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A Safer Moreland Avenue

By Brent Huff, Mike Gardner, and Karlyn Beer

Moreland Avenue is one of the busiest streets in Atlanta carrying almost 30,000 vehicles per day. It is both a federal and a state highway, divides Fulton and DeKalb counties, and was originally known as County Line Road. It touches multiple neighborhood planning units, city council districts, and many neighborhoods.

The South Moreland Avenue Working Group (SMAWG) was established in 2019 as a multi-neighborhood collaboration to make Moreland Avenue a safer corridor for pedestrians, bicyclists, and motorists from I-20 to I-285. SMAWG’s aim is to cultivate a consistent, long-term collaboration with local and state partners to improve safety on Moreland Avenue.

Moreland Avenue efficiently moves tens of thousands of vehicles within Atlanta every day, but this comes at a human cost. Moreland Avenue ranks #1 on the list of Atlanta’s High Injury Road Network.  A recent Georgia Department of Transportation (GDOT)-led Road Safety Audit (RSA) found that from 2015 to 2019, there were 686 reported crashes on Moreland from Glenwood Avenue to Skyhaven Road. This included nine pedestrian crashes and four fatalities.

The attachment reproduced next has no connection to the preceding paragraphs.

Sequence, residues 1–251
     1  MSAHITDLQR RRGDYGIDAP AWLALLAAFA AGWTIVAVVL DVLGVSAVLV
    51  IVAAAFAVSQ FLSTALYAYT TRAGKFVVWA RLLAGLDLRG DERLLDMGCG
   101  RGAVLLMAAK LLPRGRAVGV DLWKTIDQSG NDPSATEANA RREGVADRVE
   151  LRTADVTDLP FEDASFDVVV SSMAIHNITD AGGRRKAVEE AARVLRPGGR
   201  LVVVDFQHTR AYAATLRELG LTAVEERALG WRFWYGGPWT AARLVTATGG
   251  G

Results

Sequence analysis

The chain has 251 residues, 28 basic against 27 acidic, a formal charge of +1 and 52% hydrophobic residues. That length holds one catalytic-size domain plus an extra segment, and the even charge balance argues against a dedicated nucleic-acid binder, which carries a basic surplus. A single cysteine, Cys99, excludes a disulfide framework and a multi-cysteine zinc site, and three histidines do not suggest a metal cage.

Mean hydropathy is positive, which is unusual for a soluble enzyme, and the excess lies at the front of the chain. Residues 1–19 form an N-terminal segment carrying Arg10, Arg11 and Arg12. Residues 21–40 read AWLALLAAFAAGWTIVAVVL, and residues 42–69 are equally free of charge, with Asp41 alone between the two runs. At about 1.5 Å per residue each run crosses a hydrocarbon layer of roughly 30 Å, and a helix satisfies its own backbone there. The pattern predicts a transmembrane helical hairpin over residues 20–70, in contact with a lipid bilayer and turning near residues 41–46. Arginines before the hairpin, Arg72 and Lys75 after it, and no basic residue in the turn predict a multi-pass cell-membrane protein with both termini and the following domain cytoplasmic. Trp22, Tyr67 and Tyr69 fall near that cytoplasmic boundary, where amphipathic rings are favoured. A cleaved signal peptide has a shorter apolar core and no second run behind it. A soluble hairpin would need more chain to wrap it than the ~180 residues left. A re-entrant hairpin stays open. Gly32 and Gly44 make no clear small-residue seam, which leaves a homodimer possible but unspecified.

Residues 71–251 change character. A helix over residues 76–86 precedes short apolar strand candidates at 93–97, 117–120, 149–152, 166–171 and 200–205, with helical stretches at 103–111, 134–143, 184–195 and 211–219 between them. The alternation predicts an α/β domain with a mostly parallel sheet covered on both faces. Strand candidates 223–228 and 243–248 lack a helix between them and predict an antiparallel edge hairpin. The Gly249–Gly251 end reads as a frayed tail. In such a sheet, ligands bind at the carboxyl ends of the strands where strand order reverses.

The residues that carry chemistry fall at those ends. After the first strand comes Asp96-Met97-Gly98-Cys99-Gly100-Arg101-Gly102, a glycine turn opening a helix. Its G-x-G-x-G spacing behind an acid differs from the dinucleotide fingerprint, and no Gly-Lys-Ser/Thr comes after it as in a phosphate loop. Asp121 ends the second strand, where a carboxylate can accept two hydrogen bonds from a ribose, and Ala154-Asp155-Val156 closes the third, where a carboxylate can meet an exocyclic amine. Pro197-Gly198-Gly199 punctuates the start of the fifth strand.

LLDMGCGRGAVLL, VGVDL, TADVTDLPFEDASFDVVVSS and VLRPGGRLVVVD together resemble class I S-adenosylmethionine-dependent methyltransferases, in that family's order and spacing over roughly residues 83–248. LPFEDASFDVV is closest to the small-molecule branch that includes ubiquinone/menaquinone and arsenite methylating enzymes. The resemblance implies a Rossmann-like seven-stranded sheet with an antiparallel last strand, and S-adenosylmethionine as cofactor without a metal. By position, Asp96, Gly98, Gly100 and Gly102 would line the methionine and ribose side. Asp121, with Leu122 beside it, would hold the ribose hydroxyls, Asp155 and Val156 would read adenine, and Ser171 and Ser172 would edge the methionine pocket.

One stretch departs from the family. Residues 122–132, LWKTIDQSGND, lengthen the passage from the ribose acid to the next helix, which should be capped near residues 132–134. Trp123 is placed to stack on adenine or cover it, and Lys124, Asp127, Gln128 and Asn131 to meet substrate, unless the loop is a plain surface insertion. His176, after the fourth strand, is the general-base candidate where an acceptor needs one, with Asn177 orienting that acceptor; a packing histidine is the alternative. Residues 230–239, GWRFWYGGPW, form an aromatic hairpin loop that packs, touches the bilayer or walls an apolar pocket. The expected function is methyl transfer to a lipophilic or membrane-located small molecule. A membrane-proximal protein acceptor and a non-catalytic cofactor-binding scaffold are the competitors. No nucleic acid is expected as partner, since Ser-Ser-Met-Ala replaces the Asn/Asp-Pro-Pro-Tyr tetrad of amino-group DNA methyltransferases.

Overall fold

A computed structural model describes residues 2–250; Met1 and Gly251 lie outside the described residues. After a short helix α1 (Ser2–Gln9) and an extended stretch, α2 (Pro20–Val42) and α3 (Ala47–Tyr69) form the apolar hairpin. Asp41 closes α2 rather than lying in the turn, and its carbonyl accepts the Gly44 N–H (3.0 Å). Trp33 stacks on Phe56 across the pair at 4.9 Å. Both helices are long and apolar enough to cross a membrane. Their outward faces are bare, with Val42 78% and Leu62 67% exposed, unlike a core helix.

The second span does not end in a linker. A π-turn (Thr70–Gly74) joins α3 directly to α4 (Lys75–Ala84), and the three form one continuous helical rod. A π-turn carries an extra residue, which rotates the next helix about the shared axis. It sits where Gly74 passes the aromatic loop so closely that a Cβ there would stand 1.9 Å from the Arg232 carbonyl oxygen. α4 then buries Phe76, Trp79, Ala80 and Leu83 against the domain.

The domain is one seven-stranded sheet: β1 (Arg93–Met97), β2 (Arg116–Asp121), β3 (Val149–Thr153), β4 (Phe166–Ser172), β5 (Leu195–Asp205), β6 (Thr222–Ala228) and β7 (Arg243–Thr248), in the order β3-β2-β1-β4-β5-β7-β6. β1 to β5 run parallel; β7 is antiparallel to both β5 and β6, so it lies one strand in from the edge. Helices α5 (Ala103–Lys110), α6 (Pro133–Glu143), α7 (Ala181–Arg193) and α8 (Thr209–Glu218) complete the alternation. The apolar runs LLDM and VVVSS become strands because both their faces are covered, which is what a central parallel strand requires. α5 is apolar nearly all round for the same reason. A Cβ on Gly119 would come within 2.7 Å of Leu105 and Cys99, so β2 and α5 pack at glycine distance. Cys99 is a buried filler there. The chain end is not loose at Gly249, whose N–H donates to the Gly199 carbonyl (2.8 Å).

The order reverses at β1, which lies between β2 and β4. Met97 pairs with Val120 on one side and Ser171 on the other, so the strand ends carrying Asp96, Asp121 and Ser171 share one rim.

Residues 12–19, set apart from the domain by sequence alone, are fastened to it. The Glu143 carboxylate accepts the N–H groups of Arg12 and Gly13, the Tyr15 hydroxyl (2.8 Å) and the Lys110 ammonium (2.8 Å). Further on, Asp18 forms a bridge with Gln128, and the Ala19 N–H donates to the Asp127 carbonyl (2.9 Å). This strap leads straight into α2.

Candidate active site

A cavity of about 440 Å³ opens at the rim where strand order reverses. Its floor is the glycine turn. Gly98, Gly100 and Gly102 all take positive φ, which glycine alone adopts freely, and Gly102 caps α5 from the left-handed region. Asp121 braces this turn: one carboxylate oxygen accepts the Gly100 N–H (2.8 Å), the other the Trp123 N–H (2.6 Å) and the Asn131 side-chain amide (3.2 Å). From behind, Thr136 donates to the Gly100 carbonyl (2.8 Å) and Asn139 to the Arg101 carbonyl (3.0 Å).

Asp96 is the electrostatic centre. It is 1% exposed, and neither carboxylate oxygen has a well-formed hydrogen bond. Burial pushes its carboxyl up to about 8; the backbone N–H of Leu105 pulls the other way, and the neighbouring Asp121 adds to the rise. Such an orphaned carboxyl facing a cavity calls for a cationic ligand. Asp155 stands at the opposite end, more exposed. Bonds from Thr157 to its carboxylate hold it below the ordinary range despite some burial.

Speeding is persistent, curbs have been overtopped by repaving, crosswalks are few and far between, and bike lanes are nonexistent. Poorly maintained and unsafe sidewalks were a top deficiency identified in the RSA. While there is broad support for making Moreland a safer road, improving it is complex due to the number of stakeholders involved and lack of alignment between GDOT and the City of Atlanta over jurisdiction and responsibility.

Monthly SMAWG meetings have included the GDOT, AtlDOT (Atlanta Department of Transportation), Atlanta Bicycle Coalition/PEDS, and elected officials from both the city and state.  A key focus has been to provide input ahead of GDOT’s scheduled projects including repaving and other improvements on Moreland Avenue later this year.

SMAWG has consistently advocated that these projects must include safety improvements. Members participated in a review of the RSA, providing recommendations including pedestrian hybrid beacons, crosswalks, sidewalk and curb replacement, planted medians, speed feedback signs, and eliminating dangerous two-way turn lanes. SMAWG will continue to advocate for a safer Moreland Avenue. SMAWG can be reached at

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